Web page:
Legislature(2001 - 2002)
03/28/2001 01:10 PM RES
* first hearing in first committee of referral
= bill was previously heard/scheduled
= bill was previously heard/scheduled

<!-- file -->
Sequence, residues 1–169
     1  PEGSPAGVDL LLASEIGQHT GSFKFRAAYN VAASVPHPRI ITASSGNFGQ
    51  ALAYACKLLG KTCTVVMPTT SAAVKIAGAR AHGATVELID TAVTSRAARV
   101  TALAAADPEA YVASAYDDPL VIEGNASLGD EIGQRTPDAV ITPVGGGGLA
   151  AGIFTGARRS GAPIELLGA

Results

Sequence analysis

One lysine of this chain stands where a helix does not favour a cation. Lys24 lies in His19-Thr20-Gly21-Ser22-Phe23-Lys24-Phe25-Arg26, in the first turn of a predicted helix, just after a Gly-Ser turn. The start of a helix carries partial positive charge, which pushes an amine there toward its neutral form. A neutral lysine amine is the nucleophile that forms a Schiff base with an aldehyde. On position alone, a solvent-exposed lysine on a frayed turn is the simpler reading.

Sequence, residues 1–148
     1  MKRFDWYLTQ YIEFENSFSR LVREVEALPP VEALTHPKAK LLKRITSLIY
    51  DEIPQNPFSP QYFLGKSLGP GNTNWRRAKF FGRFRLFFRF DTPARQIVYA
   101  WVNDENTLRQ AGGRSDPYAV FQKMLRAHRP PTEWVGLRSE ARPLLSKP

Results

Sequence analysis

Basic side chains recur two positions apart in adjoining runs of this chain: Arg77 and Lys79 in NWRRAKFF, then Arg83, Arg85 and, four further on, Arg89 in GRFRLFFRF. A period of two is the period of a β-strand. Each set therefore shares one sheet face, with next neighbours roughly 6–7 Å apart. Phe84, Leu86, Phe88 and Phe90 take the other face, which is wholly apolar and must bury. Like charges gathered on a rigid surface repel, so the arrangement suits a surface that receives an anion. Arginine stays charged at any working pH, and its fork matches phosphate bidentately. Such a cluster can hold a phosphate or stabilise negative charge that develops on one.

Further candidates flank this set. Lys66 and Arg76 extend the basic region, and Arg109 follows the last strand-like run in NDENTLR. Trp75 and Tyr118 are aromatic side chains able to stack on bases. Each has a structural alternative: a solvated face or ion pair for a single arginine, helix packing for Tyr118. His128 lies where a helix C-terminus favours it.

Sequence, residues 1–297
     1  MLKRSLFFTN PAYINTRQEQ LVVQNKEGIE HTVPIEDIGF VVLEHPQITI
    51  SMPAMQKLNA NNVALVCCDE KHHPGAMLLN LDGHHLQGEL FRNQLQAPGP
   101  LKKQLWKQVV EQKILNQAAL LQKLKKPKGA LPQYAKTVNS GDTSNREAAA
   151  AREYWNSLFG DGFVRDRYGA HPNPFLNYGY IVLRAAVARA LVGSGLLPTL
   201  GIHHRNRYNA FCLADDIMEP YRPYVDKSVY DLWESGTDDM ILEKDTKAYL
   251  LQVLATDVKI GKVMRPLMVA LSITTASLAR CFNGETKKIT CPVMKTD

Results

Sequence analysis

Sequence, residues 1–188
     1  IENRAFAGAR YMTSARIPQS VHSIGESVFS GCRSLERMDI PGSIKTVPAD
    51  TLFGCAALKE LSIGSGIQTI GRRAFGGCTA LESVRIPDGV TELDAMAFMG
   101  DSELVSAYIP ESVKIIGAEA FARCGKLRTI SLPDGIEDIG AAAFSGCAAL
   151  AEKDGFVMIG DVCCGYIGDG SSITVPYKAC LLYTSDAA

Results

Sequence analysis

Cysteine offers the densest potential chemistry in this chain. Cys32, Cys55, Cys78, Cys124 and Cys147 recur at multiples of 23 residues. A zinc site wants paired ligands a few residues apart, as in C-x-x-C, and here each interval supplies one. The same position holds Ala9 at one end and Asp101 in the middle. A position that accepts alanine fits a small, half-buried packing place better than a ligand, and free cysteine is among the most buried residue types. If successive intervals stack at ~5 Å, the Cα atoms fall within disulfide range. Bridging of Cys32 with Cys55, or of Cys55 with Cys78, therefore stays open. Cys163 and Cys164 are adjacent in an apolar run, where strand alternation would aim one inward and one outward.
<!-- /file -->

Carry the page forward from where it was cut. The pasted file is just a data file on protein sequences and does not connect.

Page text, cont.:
HJR 19-DIGITAL ORTHOIMAGERY AND ELEVATION DATA CO-CHAIR SCALZI announced that the next order of business would be HOUSE JOINT RESOLUTION NO. 19, Urging the United States Congress to pass legislation to fund the acquisition of high- resolution digital orthoimagery and digital elevation data for the entire state of Alaska. [The resolution was sponsored by the House Resources Standing Committee.] Number 0441 CO-CHAIR SCALZI explained that the technology being introduced in HJR 19 is "three-dimensional [3-D] mapping." The majority of Alaska maps were produced between the 1950s and the 1980s. The resolution asks the U.S. Congress to provide Alaska the funding for the same technological benefits provided to all other states. GUST PANOS, Chairperson, Digital Orthoimagery Subcommittee, Alaska Geographic Data Committee (AGDC), gave a PowerPoint presentation on the Alaska Orthoimagery Initiative, compiled by the AGDC. He explained that the goal of HJR 19 is to obtain funding from Congress to acquire digital orthoimagery and digital elevation data for Alaska, to be made available on the Internet for all the agencies and the public to use. [Mr. Panos followed the format of the spiral-bound booklet found in the committee packet. He also provided a map and 3-D glasses.] MR. PANOS defined "digital orthoimagery" (DO) as an aerial photograph that shows everything on the earth's surface at a moment in time, with map-like features that allow for accurate measurement and depiction of township and range, or latitude and longitude. He listed the DO specifications for five-meter resolution: statewide coverage; quarter-quad format, like maps in the Lower 48 with 1:24,000 scale; color-infrared imagery; national map accuracy standards; and North American 1983 data that is being adopted nationwide. He also described the DO specifications for one-meter resolution: urbanized areas, 227 federally recognized Native villages, major transportation corridors and the trans-Alaska pipeline; color-infrared imagery; quarter-quad format; national map accuracy standards; and North American 1983 data. MR. PANOS next described digital elevation data (DED) as an array of [elevation values] representing the shape of the earth's surface. He explained that existing elevation data for Alaska, which was derived from USGS [United States Geological Survey] maps, is not very accurate. He cited the specifications for DED: 30-meter postings, which show a latitude and longitude point every 30 meters; 7-meter vertical accuracy; and 1983 North American data. Mr. Panos stated that the uses of DED are to make geometric corrections for orthoimagery and to derive topographical information for calculating aspects, drainage, watersheds, solar insulation, slopes, and landforms, for example, and for generating contours. MR. PANOS provided an overview of the AGDC. Formed in 1993, the AGDC currently has 40 members representing State of Alaska departments, federal agencies, municipalities, boroughs, Native organizations, private enterprise, and the University of Alaska. Its purpose is to provide statewide leadership for surveying, mapping, and related spatial data coordination. Mr. Panos specified AGDC's overall objectives: to build geographic information partnerships in Alaska; to leverage resources; to promote the visions and goals of the National Spatial Data Infrastructure; and to serve as the technical advisory committee to the Alaska Land Managers Forum. Mr. Panos added that the reason AGDC was given approximately $8 million from the federal government was because it leveraged its resources by forming a partnership with those other groups. MR. PANOS mentioned aviation safety and infrastructure development, put together by the FAA [Federal Aviation Administration], the "Capstone project folks," and Raytheon. He explained that presently the FAA is trying to provide leadership to improve aviation safety, air traffic control, and infrastructure development. He described eight "hot button" uses of orthoimagery: first, to increase safety via Capstone technology, utilizing more accurate data; second, to more accurately chart publications for both VFR [visual flight rules] and IFR [instrument flight rules] flights; third, to lower the instrument-approach minimums, resulting in more arrivals and departures; fourth, to augment planning information for airport location and development; fifth, to aid in managing airspace and creating 3-D traffic modeling; sixth, to plan and zone to protect existing and future arrival and departure routes; seventh, to accurately locate towers, power lines, and other aircraft obstructions; and eighth, to provide military area charting and routes for military and civilian traffic "deconfliction." Number 1240 MR. PANOS informed members that the Alaska Fire Service has compiled reported uses of orthoimagery in disaster response and hazard prevention. He said fire is a natural part of the Alaskan ecosystem, and fire management is fundamental to the protection and enhancement of human values, wildlife, habitat, and ecosystem integrity; wildfires burn approximately one million acres a year, and suppression response is based on statewide fire management plans. Mr. Panos also mentioned prescribed fire plans for fuel hazard reduction. He listed the following uses by Alaska Fire Service for orthoimagery: to assess fuel types and changes in surface features; to identify resource habitat to assess the level of [fire] suppression efforts necessary; to strategically plan prescribed burns; to locate natural fire barriers, which helps in crew placement; to pinpoint ingress and egress routes; and to plan relocation of village landfills for fire prevention. MR. PANOS discussed the Alaska Land Transfer Program. He said, "The state and federal government and Native corporations are in partnership to execute the largest surveying effort in U.S. history and a huge adjudication effort." The transfer will shift 104 million acres to the state and 44 million acres to the Native corporations. Mr. Panos stated that he had worked with the cadastral surveyors at BLM [Bureau of Land Management] "to put this together." He listed the following ways that orthoimagery serves as a reference source: to validate Native allotment locations with accuracy, thereby spending less money to do so; to develop survey plans for ANCSA [Alaska Native Claims Settlement Act] and state selections; to identify field [survey] transportation needs for four-wheeled vehicles, fixed- wing [aircraft], boats, or helicopters; to preview the landscape and estimate labor [costs], which are currently between $8-10 million a year; to determine what technology and techniques to use by previewing the landscape; and to delineate bodies of water that are 50 acres or more in size. Number 1559 MR. PANOS stated that everyone knows [development of Alaska's] natural resources is key to [the state's] economic vitality; consequently, [the state] must work with the best data available. He mentioned receiving help from Phillips [Alaska, Inc.], Minerals Management Service, and BLM to create the example in the committee packet. Mr. Panos highlighted some uses of orthoimagery in oil field development: to determine lease boundary locations, by projecting the lease boundaries over the orthophoto; to delineate hydrologic basins and the effect that oil development will have on them; to plan the routing of ice roads; to evaluate water sources for ice-road construction; to determine locations for infrastructure development; to locate ecological monitoring stations; to serve as the base material for [sensitive habitat locations]; and to use as a communication tool for public meetings. MR. PANOS turned to the issue of public safety and "Legal Access," a report compiled by an easement management team composed of state and federal employees as well as representatives from the Native corporations. He said many easements in Alaska give access to major waterways on state federal and municipality lands; there are approximately 3,000 easements in Alaska, many of which cross Native land. Mr. Panos told the committee that easements are not in good shape right now. He pointed out some color-coded lines on a map that indicated disputed easements and proposed easements. He listed the uses for orthoimagery regarding legal access and public safety: to identify conflicts between easements and land ownership; to reroute existing easements because of public safety concerns; to improve, maintain, and mark easements; to avoid placing easements in [environmentally sensitive areas]; and to identify discrepancies among [locations of reserved] easements to actual trails. Number 1838 MR. PANOS next pointed to Resource Assessment [and Public Use]. He read, "Public access to Alaska's natural resources is essential to meet increasing tourism, recreation, [and] development demands." He stated that good land-use planning and environmental assessment are necessary to ensure public access while meeting environmental considerations. Mr. Panos indicated an orthoimagery map [located in the committee packet] that shows a before-and-after picture of "the old Sourdough Campground" on the Richardson Highway, which was a mosquito-infested area prior to the application of orthoimagery technology. MR. PANOS listed the following uses for orthoimagery regarding resource assessment, compiled by the people in the Glennallen district and the park service: to locate existing ATV trails and assess their impact on land, water, and living resources; to inventory overused public access trails, in order to determine whether they should be shut down or rehabilitated; to plan for optimal location of new public access trails; to locate [publicly established] camping sites; to identify which camping sites are in need of restoration; and to plan for optimal locations for camping sites, so that people can get the best use out of them, while still maintaining the environment. Number 1980 MR. PANOS told the committee that according to the Department of Community & Economic Development, [more than] 35 percent of the communities in rural Alaska don't have flush toilets or running water; he added that he believed that figure had dropped to 30 percent. Many [federal, state, and local] initiatives are in progress to improve [conditions] in the rural communities, with a focus to improve the infrastructure in terms of sanitation, water, power, and transportation. Mr. Panos listed the following ways that orthoimagery could be used for community and economic development: to identify culturally and environmentally sensitive areas, such as salmon-fishing and berry-picking locales; to identify communities' existing and future land uses by mapping out trails, buildings, and roads; to identify the boundaries of ANCSA [section 14(c)] land claims; to verify the boundaries of the major landowners; to figure out hazards, such as flood plains; and to serve as an aid to communication with the people of the communities. Number 2085 MR. PANOS defined "Base Map Data Framework" as "layers of information" for which Alaska has a need. The framework is depicted on a graph [shown in the committee packet] consisting of the following elements: elevation; geodetic control; [digital] hydrography; bathymetry, which shows the depth of the coastline; cadastral [surveying], which essentially is showing the location of all survey boundaries; transportation, which involves getting coordinates on roads; government units, which shows who has administrative jurisdiction over which land; land- cover information, which shows land, water, and vegetation types; elevation [data]; and digital orthoimagery. MR. PANOS explained that elevation, geodetic control, and hydrography maps are complete, while bathymetry, cadastral, transportation, governmental units, and land-cover map work is still in progress. In contrast, (accurate) elevation maps and digital orthoimagery maps [for Alaska] do not exist. He said, as an example, that digital orthoimagery could supply such information such as the exact dates during which a pilot should not fly through a certain area, in order to avoid disturbing moose or caribou calving. MR. PANOS told the committee that the average map of Alaska is over 40 years old; many of the maps are over 50 years old. He added that there are no plans on the horizon by the U.S. Geological Survey (USGS) to update them. He indicated the last statewide base [survey] for imagery was in 1978, for Fairbanks; he showed the committee two maps of Fairbanks [in the committee packet] and pointed out the changes in the area [over a 21-year- period], which are highlighted by the use of digital orthoimagery. MR. PANOS mentioned approaching the "Commerce Business Daily (indisc.)" with an RFI (request for information), to determine [data acquisition] costs. He called this the "sticker shock page." He said the collection of the digital information data would take approximately four years, at a cost of approximately $60 million. Regarding data accessing, Mr. Panos said that the information has no licensing restriction on it like many data; consequently, it would be put on the Internet as it became available. The information would be available on the Internet through the Alaska Geospatial Clearinghouse and could be ordered, either from the University of Alaska Fairbanks [a potential in-state repository] or the USGS EROS [Earth Resources Observation System] Data Center. He stated that the fee charged to the consumer would only be the cost of the compact disk. Number 2338 MR. PANOS spoke next regarding letters of endorsement. He told the committee that so far, [AGDC] has 55 letters of endorsement from the following groups: the federal government, including the National Digital Orthophoto Program, the U.S. Air Force, the U.S. Census Bureau, and the Bureau of Land Management, among others; industry and advocacy groups, including the Resource Development Council [for Alaska, Inc.], the Alaska Land Managers Forum (ph), Arctic Power, Institute of the North, the Alaska Airmen's Association, Inc.; private industry, including oil companies, engineering firms, and mining companies; conservancy groups, such as the Nature Conservancy and Ducks Unlimited; Native corporations, including the Association of ANCSA Regional Corporation Presidents/CEOs, Inc.; local government, including municipalities and boroughs; several State of Alaska agencies, with the help of Senator Phillips; and professional mapping companies, including "three of the more prominent ones." Number 2443 MR. PANOS showed a map of digital "orthoquads" currently for sale in Alaska "on what we call the 'National Aerial Photography Program' desktop," comprising basically the area from the Kenai peninsula to the Wasilla area. He noted that Alaska is the only state that does not belong to the National Digital Orthophoto Program. MR. PANOS explained that the National Aerial Photography Program takes aerial photography, which the National Digital Orthophoto Program turns into orthophotos. Referring to "the archive," he showed another graph depicting, in color, everything "covered" to date, which does not include Alaska. He mentioned a seven- year plan that spans from 1997-2003, in which Alaska is not included. Mr. Panos noted that recently the NASA [National Aeronautics and Space Administration] shuttle project - a photographic mapping mission - covered an area from 60 degrees north to 60 degrees south, which did not include [most of] Alaska. MR. PANOS told members that spatial data is essential for planning, developing, and managing assets, improving living conditions, and protecting the environment. It increases knowledge and reduces uncertainties, allowing for better decisions from which "we" will reap savings. Mr. Panos indicated the value of spatial data used in "a good decision support program" is worth 1 to 4 percent of the total value of the resources being managed; for example, if Alaska had $1 trillion worth of resources, 1 percent would be $10 billion. Thus good infrastructure information would pay off considerably. MR. PANOS noted that the next point was procured from Australia: When there is good spatial data infrastructure, the cost-benefit is about a 1:9 ratio. He said some people at Ducks Unlimited figured out a 1:7 ratio on their return. He stated that the benefits of spatial data increase; more organizations have access to the data, which means that everyone is using good information on which to base decisions. Mr. Panos said that is the reason [AGDC] is putting the information on the Internet. Number 2625 CO-CHAIR SCALZI commented that the list of endorsements was impressive. Number 2650 REPRESENTATIVE FATE pointed out that a [pilot] could not file an instrument flight plan without a published navigational aid, and asked how the initiative would increase the number of published navigational aids in small villages. MR. PANOS said he would have to ask the people at the FAA. He added: The point they were making, to me, on this is that they don't have good terrain data out in the Bush, and so their approaches have to be very ... long coming in. They said if they had better terrain data, they could lower their approaches and get more people in and out. REPRESENTATIVE FATE responded, "Well, I'm a flier, and that doesn't quite add up to ... how it's done. But that's all right; we'll let it pass." MR. PANOS reported that actual products, developed with AeroMap and the Alaska Science and Technology Foundation, would "come out of this program"; a variety of projects can be generated with orthophoto and with digital elevation data. He indicated some examples on the wall of the committee room and mentioned additional 3-D material. In response to a comment by Co-Chair Scalzi about the effects of wearing the 3-D glasses, Mr. Panos said the digital elevation data makes it possible to perform 3-D "fly-throughs" of an area. The U.S. Air Force is very interested in this technology, for example, because it allows using a simulator to practice air operations. Number 2770 CO-CHAIR SCALZI asked Mr. Panos why Alaska was not up to speed with the Lower 48 regarding this technology. MR. PANOS replied that the Alaska is too big, and covering an area of its size would be expensive. He said for years he has brought up the subject to the USGS, which is hesitant to deal with Alaska because of the amount of money that would be involved. He recounted that someone in North Carolina had suggested Alaska's "counties" could help pay, but he'd informed the person that the North Slope Borough, for example, is as big as North Carolina, but with only 10,000 people. Number 2845 JOHN ELLIS, AeroMap U.S., Inc., came before the committee to explain the purpose of the 3-D glasses that he provided. He said the digital elevation model is a 3-D model, which is accurate horizontally and to 2.5 meters; the 3-D glasses aid in seeing the model. Mr. Ellis added that land-cover information and other information can be draped over the model, producing "a whole new world - almost like something you can pick up." Mr. Ellis pointed out that this technology is not new; almost all image-processing software available today can automate these types of maps. For example, children could get on the Internet and download an image of their favorite campground to see what the elevation differences are. He mentioned software such as "Photoshop." Number 2969 REPRESENTATIVE GREEN moved to report HJR 19 out of committee with individual recommendations and the attached fiscal notes. There being no objection, HJR 19 moved from the House Resources Standing Committee.